Wednesday, January 31, 2001

The CourtMaster on the Duke-NC Rivalry

Originally posted on

The Courtmaster offered to write a column about the Duke-UNC rivalry, and of course we said yes. So without further ado, the Courtmaster.

You may have seen my columns as "The CourtMaster" for ACC News, and today I am here to share my rulings on the Duke-North Carolina rivalry.

For years now, I have felt that this is not only the best rivalry in college basketball, it is the best in all of sports. To support that, I'd like to talk about what I think makes up a good sports rivalry.

First, teams need to play each other on a regular basis. Duke vs. Kentucky or North Carolina vs. UCLA could develop into good rivalries if the schools played each other every year. It's no coincidence a team's most intense rivalries usually come with opponents in their own conference. Familiarity breeds contempt, and contempt breeds a good rivalry.

Second, the games between the teams need to be competitive. Do you wonder why Clemson doesn't have any particularly intense basketball rivalries with ACC schools? It's because historically they have had the weakest program in the conference. Maryland might think of Duke as a rival, but I doubt that Duke feels the same way since they have owned the Terps in recent years. The Blue Devils currently have a five game winning streak against North Carolina, but that is the exception and not the rule in their series. The overall head-to-head record is North Carolina 121, Duke 85.

Third, the teams' games against each other need to mean something. Coming up on Thursday, you have the #2 team in the nation, Duke, against the #4 in the nation, North Carolina. These also happen to be the only two undefeated teams in the ACC, and the winner gets a leg up on the regular season conference title. This kind of backdrop is the rule, not the exception in this series.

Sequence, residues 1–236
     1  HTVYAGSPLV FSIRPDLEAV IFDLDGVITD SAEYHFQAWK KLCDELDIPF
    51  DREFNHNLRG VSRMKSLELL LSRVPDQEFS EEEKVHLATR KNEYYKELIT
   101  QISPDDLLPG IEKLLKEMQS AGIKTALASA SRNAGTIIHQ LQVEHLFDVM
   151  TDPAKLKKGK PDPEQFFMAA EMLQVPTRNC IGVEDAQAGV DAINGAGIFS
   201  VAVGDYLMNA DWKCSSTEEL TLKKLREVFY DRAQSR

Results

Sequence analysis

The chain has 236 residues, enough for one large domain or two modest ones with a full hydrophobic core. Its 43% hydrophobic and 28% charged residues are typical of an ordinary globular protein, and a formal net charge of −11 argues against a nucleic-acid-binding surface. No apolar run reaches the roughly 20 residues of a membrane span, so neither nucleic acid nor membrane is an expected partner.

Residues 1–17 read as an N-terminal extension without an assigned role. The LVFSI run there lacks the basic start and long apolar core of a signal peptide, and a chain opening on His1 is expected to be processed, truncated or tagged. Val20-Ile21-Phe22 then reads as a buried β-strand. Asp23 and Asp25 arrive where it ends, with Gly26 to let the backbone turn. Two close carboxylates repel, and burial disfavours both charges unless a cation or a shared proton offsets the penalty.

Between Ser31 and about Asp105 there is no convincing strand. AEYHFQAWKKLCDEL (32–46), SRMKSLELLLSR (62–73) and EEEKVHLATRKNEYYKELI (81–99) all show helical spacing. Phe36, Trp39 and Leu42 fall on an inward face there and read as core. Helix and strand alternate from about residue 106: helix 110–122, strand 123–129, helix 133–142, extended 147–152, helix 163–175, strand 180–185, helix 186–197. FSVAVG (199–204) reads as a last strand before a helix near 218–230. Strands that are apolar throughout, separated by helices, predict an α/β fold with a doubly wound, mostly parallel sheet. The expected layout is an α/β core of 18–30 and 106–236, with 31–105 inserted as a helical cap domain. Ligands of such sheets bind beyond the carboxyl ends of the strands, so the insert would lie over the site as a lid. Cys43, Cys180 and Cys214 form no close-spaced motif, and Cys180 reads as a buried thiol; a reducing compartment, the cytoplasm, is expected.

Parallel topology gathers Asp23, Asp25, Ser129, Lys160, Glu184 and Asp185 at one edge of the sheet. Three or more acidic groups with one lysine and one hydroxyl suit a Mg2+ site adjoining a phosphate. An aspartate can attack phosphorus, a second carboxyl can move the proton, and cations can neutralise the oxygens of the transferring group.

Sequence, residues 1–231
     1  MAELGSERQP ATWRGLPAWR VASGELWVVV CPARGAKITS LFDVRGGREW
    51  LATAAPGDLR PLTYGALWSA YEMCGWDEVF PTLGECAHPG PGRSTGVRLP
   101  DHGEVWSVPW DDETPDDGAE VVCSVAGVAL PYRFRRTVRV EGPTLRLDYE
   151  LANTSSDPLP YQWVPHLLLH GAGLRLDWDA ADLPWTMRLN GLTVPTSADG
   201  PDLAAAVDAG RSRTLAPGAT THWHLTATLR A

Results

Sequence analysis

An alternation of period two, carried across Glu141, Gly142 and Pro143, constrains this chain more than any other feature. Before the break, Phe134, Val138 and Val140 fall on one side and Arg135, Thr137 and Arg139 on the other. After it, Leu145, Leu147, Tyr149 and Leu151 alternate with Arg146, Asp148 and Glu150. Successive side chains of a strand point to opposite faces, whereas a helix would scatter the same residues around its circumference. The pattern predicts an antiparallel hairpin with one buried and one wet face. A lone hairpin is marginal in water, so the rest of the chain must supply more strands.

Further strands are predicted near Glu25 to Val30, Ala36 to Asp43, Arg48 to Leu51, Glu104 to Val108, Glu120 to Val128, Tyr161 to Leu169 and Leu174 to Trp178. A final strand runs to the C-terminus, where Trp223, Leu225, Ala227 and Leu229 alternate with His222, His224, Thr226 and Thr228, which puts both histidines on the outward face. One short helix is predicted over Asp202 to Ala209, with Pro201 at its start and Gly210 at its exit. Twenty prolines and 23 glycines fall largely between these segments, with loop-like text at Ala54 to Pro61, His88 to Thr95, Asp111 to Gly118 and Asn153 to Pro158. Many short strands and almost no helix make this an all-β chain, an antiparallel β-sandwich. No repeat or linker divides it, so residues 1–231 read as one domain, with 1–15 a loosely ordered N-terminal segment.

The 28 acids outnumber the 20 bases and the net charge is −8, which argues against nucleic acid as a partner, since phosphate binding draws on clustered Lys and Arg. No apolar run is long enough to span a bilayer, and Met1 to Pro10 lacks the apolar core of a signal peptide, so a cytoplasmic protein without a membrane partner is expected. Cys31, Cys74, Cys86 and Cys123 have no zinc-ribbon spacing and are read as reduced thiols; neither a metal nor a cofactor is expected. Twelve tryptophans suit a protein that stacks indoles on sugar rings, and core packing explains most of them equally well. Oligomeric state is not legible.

The stakes just don't get much higher than when the Devils and Heels go at it. Since the ACC was born in 1953, Duke and North Carolina have combined to win 32 regular season titles and 26 tournament championships. They have finished in the top three in the conference during the same season 22 times. There has been only three occasions in their last 126 meetings that neither team has been nationally ranked.

Fourth, how strongly do fans of one school root against their rival. Does any school except Carolina receive more attention on than Duke does? I doubt any school other than Duke is even close to the space devoted to Carolina on Duke Basketball Report. If you root for two teams, yours and the team who is playing your rival that day, THAT'S a good rivalry.

If all of the above factors exist, something that can make a rivalry particularly spicy is close proximity of the opposing schools. You don't see two schools much closer together than Duke and North Carolina, where the campuses are only eight miles apart. As a result, many of the students and alumni of these schools eat at the same restaurants, shop at the same malls, and call in to the same sports radio stations. This makes bragging rights particularly critical and puts an additional emphasis on which school wins the game. In football, Army and Navy put more into those bragging rights than the Blue Devil and Tar Heel faithful, but the games haven't meant any more than that in two generations.

For those of you who are diehard fans of either school, I'm probably not shedding much if any new light on why Duke-North Carolina is such a great rivalry, and that's ok. My main reason for writing this column is, as an outsider looking in with no small amount of envy, to pay tribute to the schools and their great fans.